Passive WiFi On Microwatts

A lot of you use WiFi for your Internet of Things devices, but that pretty much rules out a battery-powered deployment because WiFi devices use a lot of juice. Until now. Researchers at the University of Washington have developed a passive WiFi implementation that uses only microwatts per device.

Working essentially like backscatter RFID tags do, each node has a WiFi antenna that can be switched to either reflect or absorb 2.4 GHz radiation. Your cell phone, or any other WiFi device, responds to this backscattered signal. All that’s missing is a nice steady signal to reflect.

passive_wifi-shot0008A single, plugged-in unit provides this carrier wave for multiple WiFi sensor nodes. And here’s the very clever part of the research: to keep the carrier from overwhelming the tiny modulated signal that’s coming from the devices, the plugged-in unit transmits off the desired frequency and the battery-powered units modulate that at just the right difference frequency so that the resulting (mixed) frequency is in the desired WiFi band.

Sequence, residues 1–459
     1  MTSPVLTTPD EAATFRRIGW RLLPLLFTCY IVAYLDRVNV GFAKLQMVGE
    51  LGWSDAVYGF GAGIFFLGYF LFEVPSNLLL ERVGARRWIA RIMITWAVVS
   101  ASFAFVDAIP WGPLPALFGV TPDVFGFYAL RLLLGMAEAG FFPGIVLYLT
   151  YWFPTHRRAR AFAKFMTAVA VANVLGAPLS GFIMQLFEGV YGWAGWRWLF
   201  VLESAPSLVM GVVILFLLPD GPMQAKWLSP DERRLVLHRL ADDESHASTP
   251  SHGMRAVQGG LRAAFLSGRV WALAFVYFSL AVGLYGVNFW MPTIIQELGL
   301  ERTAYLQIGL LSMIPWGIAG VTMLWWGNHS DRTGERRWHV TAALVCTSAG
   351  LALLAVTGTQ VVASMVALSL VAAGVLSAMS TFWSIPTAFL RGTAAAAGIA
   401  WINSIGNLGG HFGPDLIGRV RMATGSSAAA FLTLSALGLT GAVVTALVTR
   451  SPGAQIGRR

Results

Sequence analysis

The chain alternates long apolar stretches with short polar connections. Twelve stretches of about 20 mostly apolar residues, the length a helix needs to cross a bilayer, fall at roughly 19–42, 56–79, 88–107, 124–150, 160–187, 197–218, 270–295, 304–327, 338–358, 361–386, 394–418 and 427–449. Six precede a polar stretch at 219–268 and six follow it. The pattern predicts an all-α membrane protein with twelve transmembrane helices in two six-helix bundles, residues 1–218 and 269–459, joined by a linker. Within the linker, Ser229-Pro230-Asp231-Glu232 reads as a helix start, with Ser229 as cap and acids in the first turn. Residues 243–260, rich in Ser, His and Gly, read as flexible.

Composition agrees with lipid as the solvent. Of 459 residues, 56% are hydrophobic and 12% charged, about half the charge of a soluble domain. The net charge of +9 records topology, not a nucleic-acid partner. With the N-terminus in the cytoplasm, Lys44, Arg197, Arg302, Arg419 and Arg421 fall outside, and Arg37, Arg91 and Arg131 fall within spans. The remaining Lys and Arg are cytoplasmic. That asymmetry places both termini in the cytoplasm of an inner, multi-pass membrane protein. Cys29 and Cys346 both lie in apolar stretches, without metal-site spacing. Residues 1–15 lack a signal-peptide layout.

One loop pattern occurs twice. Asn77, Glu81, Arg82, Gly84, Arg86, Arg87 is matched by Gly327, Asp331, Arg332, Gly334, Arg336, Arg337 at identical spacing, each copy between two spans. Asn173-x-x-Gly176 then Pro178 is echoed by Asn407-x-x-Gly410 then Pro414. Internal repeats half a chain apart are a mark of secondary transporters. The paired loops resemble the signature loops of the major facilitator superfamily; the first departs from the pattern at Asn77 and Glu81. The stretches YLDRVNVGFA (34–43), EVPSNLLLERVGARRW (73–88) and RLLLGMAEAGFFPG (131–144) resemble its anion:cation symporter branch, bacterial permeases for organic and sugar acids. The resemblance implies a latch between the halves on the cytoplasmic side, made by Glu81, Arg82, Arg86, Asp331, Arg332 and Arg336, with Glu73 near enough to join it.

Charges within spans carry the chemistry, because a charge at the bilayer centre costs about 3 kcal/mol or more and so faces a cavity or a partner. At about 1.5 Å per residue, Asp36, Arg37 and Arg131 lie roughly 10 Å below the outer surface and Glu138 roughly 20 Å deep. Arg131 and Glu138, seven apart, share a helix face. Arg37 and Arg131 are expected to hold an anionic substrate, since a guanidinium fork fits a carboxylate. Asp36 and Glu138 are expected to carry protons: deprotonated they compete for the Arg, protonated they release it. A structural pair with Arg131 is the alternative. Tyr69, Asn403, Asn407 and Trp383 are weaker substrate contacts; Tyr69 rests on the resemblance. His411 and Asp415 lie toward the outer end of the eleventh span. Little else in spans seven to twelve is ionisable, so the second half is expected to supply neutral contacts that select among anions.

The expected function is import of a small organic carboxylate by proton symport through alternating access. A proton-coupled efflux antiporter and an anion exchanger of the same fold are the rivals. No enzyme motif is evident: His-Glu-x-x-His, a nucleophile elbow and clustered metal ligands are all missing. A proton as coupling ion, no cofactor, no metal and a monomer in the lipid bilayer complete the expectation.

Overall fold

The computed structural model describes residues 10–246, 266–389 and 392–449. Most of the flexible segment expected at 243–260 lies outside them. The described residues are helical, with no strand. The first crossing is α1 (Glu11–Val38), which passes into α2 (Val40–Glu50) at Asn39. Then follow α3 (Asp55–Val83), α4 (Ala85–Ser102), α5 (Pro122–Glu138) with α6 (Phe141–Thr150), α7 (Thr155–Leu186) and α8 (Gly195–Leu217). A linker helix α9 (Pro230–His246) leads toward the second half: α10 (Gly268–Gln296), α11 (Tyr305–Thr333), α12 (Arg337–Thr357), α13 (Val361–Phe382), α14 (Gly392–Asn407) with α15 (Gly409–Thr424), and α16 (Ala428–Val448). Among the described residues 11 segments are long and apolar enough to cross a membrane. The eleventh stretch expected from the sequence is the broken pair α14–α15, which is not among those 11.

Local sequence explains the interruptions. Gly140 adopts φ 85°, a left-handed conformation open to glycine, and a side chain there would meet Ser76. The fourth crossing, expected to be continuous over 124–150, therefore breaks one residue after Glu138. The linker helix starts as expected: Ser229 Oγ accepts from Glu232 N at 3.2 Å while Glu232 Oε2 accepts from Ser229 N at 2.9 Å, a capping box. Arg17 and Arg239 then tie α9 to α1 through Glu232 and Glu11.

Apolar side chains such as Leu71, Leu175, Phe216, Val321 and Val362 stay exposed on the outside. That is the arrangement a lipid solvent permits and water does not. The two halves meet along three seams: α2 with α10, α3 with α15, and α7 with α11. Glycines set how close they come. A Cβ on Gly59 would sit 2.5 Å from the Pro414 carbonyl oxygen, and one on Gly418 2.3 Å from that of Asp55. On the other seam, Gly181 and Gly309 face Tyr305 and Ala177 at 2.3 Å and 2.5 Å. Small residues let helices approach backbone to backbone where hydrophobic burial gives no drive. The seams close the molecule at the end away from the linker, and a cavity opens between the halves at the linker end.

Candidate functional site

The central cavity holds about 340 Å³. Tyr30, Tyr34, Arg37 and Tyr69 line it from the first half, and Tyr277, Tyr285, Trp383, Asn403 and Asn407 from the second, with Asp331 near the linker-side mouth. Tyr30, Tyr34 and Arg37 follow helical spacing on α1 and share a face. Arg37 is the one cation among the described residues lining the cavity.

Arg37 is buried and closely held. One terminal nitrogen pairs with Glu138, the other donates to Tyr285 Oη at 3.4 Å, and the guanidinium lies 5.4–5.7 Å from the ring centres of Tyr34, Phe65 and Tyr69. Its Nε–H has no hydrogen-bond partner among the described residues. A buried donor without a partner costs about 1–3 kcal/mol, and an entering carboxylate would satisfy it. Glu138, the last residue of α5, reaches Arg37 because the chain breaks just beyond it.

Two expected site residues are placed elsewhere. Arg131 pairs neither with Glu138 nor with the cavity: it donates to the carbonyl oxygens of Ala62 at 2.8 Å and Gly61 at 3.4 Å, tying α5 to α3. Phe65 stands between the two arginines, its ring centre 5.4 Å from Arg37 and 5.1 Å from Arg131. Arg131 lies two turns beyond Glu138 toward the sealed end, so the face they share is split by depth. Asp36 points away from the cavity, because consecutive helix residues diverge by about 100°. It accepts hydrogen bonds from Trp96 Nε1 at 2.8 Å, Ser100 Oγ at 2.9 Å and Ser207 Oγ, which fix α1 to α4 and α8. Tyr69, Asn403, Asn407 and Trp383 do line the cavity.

If you’re a radio freak, you’ll recognize the WiFi node’s action being just like a frequency mixer. That’s what the researchers (slightly mysteriously) refer to as the splitting of the analog transmission stage from the digital. The plugged-in unit transmits the carrier, and the low-power nodes do the mixing. It’s like a traditional radio transmitter, but distributed. Very cool.

There’s a bunch more details to making this system work with consumer WiFi, as you’d imagine. The powered stations are responsible for insuring that there’s no collision, for instance. All of these details are very nicely explained in this paper (PDF). If you’re interested in doing something similar, you absolutely need to give it a read. This idea will surely work at lower frequencies, and we’re trying to think of a reason to use this distributed transmitter idea for our own purposes.